Spring migration is under way. Just as the birds head north in the spring, so do the RMBO scientists who study them on their wintering grounds. Back home in Colorado, biologist Erin Strasser offers preliminary results from a second season studying winter survival and habitat use of Baird's and Grasshopper Sparrows in the Chihuahuan Desert grasslands.
RMBO is partnering with the University of Colorado-Denver to support a graduate research project to better understand how Mountain Plovers utilize habitat during the nesting cycle. Biologists will study their foraging habits by tracking adult plovers using radio-telemetry. CSU student Jamie Osterbuhr writes about this research, taking place in the crop fields of western Nebraska. Post updated June 13.
The Chihuahuan Desert grasslands of northern Mexico and the southwestern U.S. are the principal wintering grounds for 90% of grassland bird species breeding in the western Great Plains of North America. Species such as Baird's Sparrows, Chestnut-collared Longspurs and Sprague's Pipits, which rely on this region during the winter, have declined by upwards of 80% since the 1960s. Results from Rocky Mountain Bird Observatory and cooperators' research shed light as to why these birds are declining and emphasize that unless immediate action is taken, forecasts are dire.
The field season is under way in northern Mexico, where RMBO and partners are studying the winter survival and habitat use of Baird's and Grasshopper Sparrows in the Chihuahuan Desert grasslands. Writing from Chihuahua, biologist Erin Strasser shares an update on capturing and tracking sparrows, insights gained so far this season and stunning photos from the field.
Grassland birds are declining faster than any other group of North American birds. The key to reversing these declines may lie on their wintering grounds in northern Mexico. Writing from Chihuahua, biologist Erin Strasser provides a preview of RMBO's second season studying the overwintering ecology of Baird's and Grasshopper Sparrows in the Mexican grasslands.
"Another nest has failed." This is the recurring news that technicians monitoring Aplomado Falcons in Chihuahua, Mexico, have reported over the last 18 years. Private Lands Wildlife Biologists Roberto Rodríguez and Pedro Calderón report from Chihuahua on last season's monitoring of this iconic grassland species and efforts to conserve its dwindling habitat there.
Grassland bird populations have declined more steeply than any other group of North American birds. Since 2006, RMBO has partnered with the City of Fort Collins to inventory and monitor grassland birds on city-owned properties near the Colorado-Wyoming border. These properties represent some of the most significant grasslands in northern Colorado and support populations of more than 20 high-priority bird species. Read about a day in the field with biologist Erin Youngberg and field technician Denis Perez surveying birds on these properties and the impact of the Mountains to Plains Region project.
Last month, Rocky Mountain Bird Observatory completed its first field season studying winter survival of Baird's and Grasshopper Sparrows in Janos, Chihuahua, Mexico. Both of these grassland species have declined between 70 and 80% since the 1960s. The key to stemming these population declines may lie on their wintering grounds in Chihuahua. Biologist Erin Strasser provides a wrap-up of the study including some interesting preliminary data.
Grassland birds are declining faster than any other group of North American birds. The key to reversing this decline may lie on their wintering grounds in Chihuahua, Mexico. Biologist Erin Strasser provides an update from Chihuahua on a study that's using radio-telemetry to better understand the overwintering ecology of Baird's and Grasshopper Sparrows.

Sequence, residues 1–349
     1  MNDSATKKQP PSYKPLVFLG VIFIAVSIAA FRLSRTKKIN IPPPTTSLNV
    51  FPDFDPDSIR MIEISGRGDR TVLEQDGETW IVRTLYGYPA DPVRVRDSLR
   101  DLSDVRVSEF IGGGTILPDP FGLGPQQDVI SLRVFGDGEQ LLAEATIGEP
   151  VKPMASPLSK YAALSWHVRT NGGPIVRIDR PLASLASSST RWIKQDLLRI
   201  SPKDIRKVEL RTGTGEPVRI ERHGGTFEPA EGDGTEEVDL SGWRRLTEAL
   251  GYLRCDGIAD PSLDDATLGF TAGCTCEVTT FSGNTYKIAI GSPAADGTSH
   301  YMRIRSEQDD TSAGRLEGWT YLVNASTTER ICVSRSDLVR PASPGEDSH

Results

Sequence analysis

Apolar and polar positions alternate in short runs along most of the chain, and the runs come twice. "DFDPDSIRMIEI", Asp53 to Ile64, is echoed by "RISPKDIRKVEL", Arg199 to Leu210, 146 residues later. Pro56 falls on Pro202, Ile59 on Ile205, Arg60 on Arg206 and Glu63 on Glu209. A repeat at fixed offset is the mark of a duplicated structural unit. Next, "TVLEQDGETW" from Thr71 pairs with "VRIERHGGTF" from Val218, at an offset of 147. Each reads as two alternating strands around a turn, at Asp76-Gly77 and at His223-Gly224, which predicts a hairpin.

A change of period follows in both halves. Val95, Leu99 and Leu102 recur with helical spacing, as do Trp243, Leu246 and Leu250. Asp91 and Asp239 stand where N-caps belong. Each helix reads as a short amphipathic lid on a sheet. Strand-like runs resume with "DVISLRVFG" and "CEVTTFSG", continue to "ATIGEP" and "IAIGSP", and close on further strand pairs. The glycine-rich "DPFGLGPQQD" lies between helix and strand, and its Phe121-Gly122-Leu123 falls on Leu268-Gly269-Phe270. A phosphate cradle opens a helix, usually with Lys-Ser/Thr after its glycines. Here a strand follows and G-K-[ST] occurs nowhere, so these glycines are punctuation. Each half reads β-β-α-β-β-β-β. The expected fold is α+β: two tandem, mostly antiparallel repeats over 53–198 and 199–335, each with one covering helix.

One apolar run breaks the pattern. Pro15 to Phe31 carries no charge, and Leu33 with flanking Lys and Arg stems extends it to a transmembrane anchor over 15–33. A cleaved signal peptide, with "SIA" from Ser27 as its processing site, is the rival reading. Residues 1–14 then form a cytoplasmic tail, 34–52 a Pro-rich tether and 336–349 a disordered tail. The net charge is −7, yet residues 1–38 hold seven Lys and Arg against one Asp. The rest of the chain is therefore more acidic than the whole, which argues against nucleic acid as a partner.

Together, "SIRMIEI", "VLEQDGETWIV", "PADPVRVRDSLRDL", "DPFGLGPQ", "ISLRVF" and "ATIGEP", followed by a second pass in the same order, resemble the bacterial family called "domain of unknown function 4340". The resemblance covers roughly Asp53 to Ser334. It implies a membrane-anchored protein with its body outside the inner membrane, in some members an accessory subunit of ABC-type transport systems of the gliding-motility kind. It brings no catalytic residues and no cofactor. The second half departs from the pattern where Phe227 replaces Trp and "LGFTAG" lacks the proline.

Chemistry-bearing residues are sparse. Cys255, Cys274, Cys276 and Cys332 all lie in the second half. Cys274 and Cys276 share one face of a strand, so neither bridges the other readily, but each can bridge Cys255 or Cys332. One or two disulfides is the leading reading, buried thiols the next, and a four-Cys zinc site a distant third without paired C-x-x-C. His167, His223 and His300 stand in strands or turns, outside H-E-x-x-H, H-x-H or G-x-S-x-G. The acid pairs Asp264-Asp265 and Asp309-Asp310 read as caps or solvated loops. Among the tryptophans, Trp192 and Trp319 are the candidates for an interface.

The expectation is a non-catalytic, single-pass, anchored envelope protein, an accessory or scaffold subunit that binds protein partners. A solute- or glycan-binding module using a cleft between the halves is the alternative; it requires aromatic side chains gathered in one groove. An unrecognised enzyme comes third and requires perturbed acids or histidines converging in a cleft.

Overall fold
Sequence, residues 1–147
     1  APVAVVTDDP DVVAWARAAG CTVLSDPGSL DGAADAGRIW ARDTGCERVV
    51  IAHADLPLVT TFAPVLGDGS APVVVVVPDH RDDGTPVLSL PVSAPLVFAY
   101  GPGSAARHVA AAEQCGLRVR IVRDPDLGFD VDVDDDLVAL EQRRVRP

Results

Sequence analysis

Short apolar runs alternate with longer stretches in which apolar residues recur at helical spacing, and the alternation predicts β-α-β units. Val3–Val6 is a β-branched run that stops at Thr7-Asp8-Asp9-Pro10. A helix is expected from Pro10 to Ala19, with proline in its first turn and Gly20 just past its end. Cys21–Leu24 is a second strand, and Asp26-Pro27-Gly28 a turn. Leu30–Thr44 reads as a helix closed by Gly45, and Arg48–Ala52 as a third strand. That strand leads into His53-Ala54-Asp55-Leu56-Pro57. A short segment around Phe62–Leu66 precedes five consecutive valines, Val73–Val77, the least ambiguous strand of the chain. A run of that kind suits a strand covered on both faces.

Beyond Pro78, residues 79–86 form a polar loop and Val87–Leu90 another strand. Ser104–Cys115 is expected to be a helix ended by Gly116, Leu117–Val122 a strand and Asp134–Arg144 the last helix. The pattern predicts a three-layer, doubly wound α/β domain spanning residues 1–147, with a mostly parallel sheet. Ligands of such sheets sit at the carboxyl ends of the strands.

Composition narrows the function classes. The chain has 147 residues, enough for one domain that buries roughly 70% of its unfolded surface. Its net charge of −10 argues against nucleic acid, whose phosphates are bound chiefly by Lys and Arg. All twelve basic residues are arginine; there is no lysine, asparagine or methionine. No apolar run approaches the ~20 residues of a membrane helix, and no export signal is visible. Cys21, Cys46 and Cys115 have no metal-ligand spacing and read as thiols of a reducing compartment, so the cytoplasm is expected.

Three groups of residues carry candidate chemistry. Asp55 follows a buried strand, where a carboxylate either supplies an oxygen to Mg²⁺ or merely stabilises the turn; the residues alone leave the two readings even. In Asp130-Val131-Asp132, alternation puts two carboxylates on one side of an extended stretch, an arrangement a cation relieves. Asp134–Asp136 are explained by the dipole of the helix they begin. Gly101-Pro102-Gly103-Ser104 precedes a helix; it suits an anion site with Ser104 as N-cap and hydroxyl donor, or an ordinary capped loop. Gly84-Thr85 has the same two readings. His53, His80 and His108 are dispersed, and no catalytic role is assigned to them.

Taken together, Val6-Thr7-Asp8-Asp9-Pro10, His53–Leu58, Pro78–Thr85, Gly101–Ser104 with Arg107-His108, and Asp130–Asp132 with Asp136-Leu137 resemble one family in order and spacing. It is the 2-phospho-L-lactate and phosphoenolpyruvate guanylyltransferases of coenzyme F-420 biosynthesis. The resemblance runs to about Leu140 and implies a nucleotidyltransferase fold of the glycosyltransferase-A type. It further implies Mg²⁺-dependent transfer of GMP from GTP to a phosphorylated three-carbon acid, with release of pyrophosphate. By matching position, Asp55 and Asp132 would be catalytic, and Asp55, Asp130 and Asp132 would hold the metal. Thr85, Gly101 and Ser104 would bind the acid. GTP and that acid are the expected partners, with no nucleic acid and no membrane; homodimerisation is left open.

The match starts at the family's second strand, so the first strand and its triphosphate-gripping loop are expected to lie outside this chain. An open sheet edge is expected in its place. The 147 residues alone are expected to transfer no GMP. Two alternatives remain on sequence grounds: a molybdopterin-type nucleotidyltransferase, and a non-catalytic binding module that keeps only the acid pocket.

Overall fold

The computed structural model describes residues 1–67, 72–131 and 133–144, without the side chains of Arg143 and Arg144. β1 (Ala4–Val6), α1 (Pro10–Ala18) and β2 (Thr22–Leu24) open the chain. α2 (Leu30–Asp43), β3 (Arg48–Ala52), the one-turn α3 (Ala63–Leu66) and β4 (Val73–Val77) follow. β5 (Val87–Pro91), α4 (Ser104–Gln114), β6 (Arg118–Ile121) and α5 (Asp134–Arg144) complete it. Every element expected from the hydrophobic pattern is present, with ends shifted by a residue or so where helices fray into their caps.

Grady Grissom, a rancher in southeast Colorado, had a problem playa. Someone had pitted a playa lake on his ranch many decades earlier to make a deeper water pond for cattle. While good for cattle, it concentrated the water into the pit, degrading the wetland habitat for other wildlife. To solve the problem, he turned to the Stewardship team at Rocky Mountain Bird Observatory for help.
The Rocky Mountain Bird Observatory has released the first-ever conservation plan for grassland bird species that winter in the Chihuahuan Desert, with support from the Rio Grande Joint Venture and American Bird Conservancy. The plan provides a wide range of science-based information to guide everyone from on-the-ground land managers to program- and policy-level decision-makers in maintaining and improving habitat for grassland bird species of high conservation concern.
RMBO has released "Wintering Grassland Bird Densities in Chihuahuan Desert Grassland Priority Conservation Areas, 2007-2011," documenting bird abundance, distribution, habitat use and other information collected over five years in three U.S. and six Mexican states. The Chihuahuan Desert is the primary wintering grounds for more than 90 percent of western North America’s migratory grassland birds.
Rocky Mountain Bird Observatory’s International Team is monitoring and banding birds in the Chihuahuan Desert grasslands in northern Mexico with the help of 26 local field techs the team trained in early January.
As shown in the photo, field crews remove birds that are harmlessly captured in mist nets to gather data to guide conservation efforts. After receiving a USGS-issued leg band, the birds are weighed, measured and inspected before being released.
Birds including Baird’s Sparrow (pictured below), Grasshopper Sparrow, Chestnut-collared Longspur and many others winter in Mexican grasslands before returning to the Great Plains in spring. RMBO is working to conserve their disappearing winter habitat and boost their winter survival.
Photos by Arvind Panjabi, International Program Director, Rocky Mountain Bird Observatory